How companies respond to—or drive—disruption can distinguish winners from losers in the world of information technology.
Tech stocks have historically generated a greater spread of returns than any other sector in the market.1 Constant changes in the industry give certain tech companies an advantage over those not equipped to compete successfully for customers. The bigger the change, the more likely new industry leaders will emerge, while other businesses will be left behind. For many of the same reasons, this division of extremes may also apply to the analysis of tech stocks, with generalist investors at a potential disadvantage relative to career technology sector specialists who have the ability and expertise to take both long and short positions.
AI and big data have become game changers on a global scale
Consider, for example, artificial intelligence, or AI—the science of teaching machines how to think and solve problems. Advancements in machine learning and the ways that computers process information along with the collection and storage of unprecedented amounts of data—called big data—are leading to a revolution in AI that will affect nearly all sectors of the global economy. AI is already being used in a wide range of day-to-day applications, including web searches, directed online advertising, and financial trading programs, as well as self-driving cars, virtual reality devices, and disease diagnosis.
Big data analysis with parallel processing, which was previously just used for gaming applications, makes use of graphics processing units (GPUs) instead of the central processing units (CPUs) typically used in servers and PCs. GPUs create neural networks, which can perform many complex calculations, learning from each task to become smarter. This use of parallel processing poses a direct competitive challenge to traditional x86 processors.
Online search and social networking companies are using the big data they collect from users to deliver customized advertiser content and extract higher ad rates. Companies with the most information about their users’ interests are the most likely to attract advertisers, and companies with inferior data are at risk of losing out on ad revenue.
Software companies are developing applications to help customers analyze and better understand their big data and use it to retain their customers and run their businesses more efficiently. Traditional information technology consulting firms are being displaced by these software technologies. We expect AI to cause this same trend to play out across other sectors of the economy, as machines replace humans to perform a growing range of job functions.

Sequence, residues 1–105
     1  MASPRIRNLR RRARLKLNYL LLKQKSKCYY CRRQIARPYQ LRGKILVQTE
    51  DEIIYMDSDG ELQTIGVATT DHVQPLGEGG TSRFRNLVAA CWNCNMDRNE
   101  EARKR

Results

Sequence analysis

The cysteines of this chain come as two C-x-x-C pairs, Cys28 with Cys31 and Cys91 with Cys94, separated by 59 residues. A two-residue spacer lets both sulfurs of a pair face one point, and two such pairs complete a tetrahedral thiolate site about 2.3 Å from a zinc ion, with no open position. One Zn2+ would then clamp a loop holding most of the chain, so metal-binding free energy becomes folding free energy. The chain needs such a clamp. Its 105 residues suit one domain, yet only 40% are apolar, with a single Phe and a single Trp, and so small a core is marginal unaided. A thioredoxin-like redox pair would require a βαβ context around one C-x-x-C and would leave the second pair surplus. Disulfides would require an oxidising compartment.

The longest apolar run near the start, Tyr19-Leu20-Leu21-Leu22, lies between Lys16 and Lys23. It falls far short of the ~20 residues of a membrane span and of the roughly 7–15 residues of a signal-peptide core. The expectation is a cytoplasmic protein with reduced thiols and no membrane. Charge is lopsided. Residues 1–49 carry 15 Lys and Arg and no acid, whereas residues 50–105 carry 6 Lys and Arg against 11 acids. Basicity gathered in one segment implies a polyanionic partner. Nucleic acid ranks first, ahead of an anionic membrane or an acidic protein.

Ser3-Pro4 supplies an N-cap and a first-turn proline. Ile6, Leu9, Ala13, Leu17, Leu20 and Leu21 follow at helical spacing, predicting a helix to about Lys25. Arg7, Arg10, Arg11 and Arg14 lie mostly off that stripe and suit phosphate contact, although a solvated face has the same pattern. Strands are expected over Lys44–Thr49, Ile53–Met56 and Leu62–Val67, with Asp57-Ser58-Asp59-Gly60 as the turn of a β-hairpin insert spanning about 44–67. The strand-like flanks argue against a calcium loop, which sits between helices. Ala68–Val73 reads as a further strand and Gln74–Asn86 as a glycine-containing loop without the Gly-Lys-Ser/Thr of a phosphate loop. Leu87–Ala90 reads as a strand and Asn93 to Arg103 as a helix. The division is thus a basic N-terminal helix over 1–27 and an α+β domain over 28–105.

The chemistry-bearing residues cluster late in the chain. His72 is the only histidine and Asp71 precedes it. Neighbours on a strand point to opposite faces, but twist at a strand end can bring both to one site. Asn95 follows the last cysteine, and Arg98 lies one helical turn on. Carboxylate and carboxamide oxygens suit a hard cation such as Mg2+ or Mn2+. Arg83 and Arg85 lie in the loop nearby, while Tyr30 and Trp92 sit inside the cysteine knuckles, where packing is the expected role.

Short-term trends can create volatility—and opportunity—for tech stock specialists
We believe that the most successful tech investors will be those who are able to identify the long-term trends that will change the way we live our lives. That said, there are several shorter-term factors that can lead to volatility in the tech sector, resulting in opportunities for long/short equity managers specializing in information technology.
- Spending initiatives in key end markets can influence near-term demand patterns. A supplier of telecom equipment may see a surge in orders driven by a major project on network infrastructure upgrades. Such high order volume might be sustained for a few quarters, or a few years, but it can also be lumpy and end abruptly at any time. As a result, a series of better-than-expected quarterly earnings reports for our hypothetical telecom equipment company could be followed by a series of disappointments, a pattern that generalist investors may not be expecting to see.
- Product cycles can represent an important demand driver for a tech company, as well as its suppliers. A new smartphone launch by a major handset supplier would be supported by a combination of semiconductor manufacturers, screen suppliers, distributors, assembly partners, and contract manufacturers. The success or failure of a particular product launch can result in unexpected estimate revisions, positive or negative, throughout the entire supply chain, which career tech sector specialists may have more insight to recognize.
- Inventory cycles can create opportunities. Tech supply chains gear up production according to an anticipated level of demand for an end product. When actual demand differs from expectations, suppliers may be caught with too much or too little inventory. Changes in order patterns caused by inventory adjustments can happen fast, resulting in upside or downside earnings surprises. Here again, the tech specialist may have an advantage over the generalist investor who may be unaware of certain linkages in the inventory cycle.
Inconsistent operating results tied to such short-term factors can lead to large and sudden changes in stock prices. Generalists sometimes expect—erroneously—a continuation of near-term trends, whether they’re positive or negative. We believe this can provide scope for sector specialists with deep subindustry expertise to identify and exploit inefficiencies in the tech sector.
Companies with the ability to collect and analyze big data and pair it with AI to drive cost savings or new sources of revenue will find themselves with a distinct competitive advantage, but companies unable to adapt risk irrelevance. By extension, we expect long/short tech sector specialists to find themselves with a distinct competitive advantage relative to generalist investors, at least when it comes to distinguishing—and exploiting the differences between—the winners and losers in information technology.
1 Wellington Management, Standard & Poor’s, 2017.